"Too bad they eliminated the death penalty," said Uncle Vernon. "People like him should get the same punishment as the people he killed. Where did they say he escaped from?"

"I don't know, Vernon, I don't think they said," Aunt Petunia replied.

"Boy! What are you doing standing there? I told you to go to your room! You'll do as I say unless you don't want anything to eat tonight."

Harry trudged up the stairs to his room and closed the door. When called to clean up, an hour later, he found a decent serving of salad and one piece of garlic toast left for him to eat. Far be it for the Dursleys to eat something healthy. Harry quickly washed up the dishes and returned to his room. While he waited for the house to settle down into sleep, Harry thought about his previous two years at Hogwarts. One thing he had learned during those two years was that his life was anything but normal.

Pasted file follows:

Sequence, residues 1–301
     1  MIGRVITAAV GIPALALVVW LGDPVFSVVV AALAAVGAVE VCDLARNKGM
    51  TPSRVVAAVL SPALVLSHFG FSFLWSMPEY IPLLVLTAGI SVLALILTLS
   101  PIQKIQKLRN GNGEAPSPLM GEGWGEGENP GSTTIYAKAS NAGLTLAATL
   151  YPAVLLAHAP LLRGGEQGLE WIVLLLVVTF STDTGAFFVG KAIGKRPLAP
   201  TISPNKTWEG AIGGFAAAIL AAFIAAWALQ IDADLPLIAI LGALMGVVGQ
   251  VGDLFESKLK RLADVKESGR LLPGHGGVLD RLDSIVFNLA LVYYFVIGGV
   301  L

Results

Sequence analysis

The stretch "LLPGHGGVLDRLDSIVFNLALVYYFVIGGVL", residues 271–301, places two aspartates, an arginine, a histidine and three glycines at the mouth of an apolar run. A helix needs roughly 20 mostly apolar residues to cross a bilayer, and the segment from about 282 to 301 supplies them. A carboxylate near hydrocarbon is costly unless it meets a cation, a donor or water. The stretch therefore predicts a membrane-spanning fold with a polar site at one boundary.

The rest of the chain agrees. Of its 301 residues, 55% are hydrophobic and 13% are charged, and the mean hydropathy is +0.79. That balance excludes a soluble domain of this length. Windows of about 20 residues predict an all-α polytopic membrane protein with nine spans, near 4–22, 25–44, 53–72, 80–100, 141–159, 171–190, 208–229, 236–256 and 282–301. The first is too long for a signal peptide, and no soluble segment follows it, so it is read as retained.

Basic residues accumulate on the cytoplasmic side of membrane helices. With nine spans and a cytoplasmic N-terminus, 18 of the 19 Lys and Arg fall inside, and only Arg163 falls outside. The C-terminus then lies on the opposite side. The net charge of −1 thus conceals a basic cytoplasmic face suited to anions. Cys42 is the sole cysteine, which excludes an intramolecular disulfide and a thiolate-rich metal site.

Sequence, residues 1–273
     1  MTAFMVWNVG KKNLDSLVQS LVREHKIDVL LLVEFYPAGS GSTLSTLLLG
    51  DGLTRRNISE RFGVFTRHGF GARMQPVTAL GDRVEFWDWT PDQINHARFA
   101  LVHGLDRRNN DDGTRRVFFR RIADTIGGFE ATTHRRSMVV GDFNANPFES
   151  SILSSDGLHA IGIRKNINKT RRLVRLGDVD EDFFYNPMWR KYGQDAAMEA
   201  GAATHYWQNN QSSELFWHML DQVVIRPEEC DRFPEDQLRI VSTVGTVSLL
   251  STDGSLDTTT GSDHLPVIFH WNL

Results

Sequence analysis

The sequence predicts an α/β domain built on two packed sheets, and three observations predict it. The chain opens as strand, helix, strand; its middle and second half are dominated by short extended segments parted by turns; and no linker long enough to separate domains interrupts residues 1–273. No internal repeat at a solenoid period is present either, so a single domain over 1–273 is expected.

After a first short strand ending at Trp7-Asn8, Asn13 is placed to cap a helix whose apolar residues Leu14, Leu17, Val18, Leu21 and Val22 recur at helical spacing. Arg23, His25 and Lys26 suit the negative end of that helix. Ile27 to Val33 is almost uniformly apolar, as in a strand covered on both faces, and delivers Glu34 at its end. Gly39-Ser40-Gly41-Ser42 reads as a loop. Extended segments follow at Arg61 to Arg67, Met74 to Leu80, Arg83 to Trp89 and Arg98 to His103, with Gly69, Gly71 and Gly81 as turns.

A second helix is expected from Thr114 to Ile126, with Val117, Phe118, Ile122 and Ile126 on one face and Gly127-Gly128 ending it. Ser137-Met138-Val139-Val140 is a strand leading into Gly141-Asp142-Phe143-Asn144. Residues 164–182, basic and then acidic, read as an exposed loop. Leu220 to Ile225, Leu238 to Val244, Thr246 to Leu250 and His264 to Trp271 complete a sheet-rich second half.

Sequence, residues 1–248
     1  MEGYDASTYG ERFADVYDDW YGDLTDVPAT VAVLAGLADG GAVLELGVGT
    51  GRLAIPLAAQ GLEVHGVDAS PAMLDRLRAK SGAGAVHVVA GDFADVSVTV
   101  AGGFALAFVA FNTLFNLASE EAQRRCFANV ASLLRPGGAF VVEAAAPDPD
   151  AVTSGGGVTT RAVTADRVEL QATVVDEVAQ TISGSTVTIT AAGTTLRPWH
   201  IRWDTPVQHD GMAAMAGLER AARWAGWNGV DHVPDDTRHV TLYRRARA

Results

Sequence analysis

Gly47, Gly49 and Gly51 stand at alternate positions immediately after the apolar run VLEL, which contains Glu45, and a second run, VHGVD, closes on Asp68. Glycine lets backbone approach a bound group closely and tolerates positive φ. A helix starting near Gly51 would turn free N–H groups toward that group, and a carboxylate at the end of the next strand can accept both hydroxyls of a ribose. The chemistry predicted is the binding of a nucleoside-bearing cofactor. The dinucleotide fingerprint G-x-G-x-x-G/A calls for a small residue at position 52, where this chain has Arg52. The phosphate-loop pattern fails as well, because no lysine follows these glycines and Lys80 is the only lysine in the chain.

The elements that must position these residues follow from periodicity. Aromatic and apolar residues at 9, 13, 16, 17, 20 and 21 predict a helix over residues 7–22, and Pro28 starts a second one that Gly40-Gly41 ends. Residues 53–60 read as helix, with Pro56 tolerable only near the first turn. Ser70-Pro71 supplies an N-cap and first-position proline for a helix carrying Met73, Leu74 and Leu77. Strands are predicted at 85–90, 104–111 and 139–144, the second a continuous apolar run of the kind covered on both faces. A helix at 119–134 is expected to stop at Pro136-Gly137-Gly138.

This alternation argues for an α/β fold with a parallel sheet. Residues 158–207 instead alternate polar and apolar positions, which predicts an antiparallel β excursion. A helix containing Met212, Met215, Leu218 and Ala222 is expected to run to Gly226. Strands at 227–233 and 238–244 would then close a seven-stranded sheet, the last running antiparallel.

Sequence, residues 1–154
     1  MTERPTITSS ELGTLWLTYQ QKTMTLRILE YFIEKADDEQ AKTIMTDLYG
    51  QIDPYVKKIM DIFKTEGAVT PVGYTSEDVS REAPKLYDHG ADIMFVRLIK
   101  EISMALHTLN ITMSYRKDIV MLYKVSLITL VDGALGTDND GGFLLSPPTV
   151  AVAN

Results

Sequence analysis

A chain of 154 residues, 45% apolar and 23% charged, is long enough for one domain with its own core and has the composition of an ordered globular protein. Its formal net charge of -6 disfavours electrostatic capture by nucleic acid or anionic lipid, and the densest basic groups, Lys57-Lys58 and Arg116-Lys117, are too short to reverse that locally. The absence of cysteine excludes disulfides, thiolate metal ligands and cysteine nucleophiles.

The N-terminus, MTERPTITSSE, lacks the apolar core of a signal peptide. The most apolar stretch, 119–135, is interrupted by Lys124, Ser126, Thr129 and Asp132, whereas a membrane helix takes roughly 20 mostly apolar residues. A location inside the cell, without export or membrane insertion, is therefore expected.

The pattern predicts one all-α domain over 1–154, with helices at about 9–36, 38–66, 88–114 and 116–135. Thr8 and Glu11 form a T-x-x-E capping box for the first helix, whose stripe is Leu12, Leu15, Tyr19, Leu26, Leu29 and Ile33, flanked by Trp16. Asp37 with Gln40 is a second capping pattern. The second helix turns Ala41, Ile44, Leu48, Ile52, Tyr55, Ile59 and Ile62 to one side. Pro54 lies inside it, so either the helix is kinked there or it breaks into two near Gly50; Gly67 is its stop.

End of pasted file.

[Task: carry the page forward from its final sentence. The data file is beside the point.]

Harry watched as the clock ticked up to midnight. It was now July 31, his birthday. He was officially a teenager. As he wondered what his parents would think of him at 13 years old, he noticed several things flying towards him. As they got nearer, he could tell one of them was his own snowy owl Hedwig. She'd taken off earlier that day to parts unknown. The next owl appeared to be having trouble staying in the air, much less flying straight. He quickly recognized the Weasley's family owl Errol. He didn't know how old Errol was (or how long owls lived for that matter), but Errol had seen better days. He barely made it across the window sill before he collapsed. Harry relieved him of his package and took him over to Hedwig's perch, gave him an owl treat and let him drink his fill of water. Hedwig was next entering. He relieved her of her package and she flew to her perch, looking disdainfully at Errol. The third owl turned out to be from Hogwarts. After relieving it of its letter and package the owl turned and flew off, not bothering to wait for a treat or a drink of water.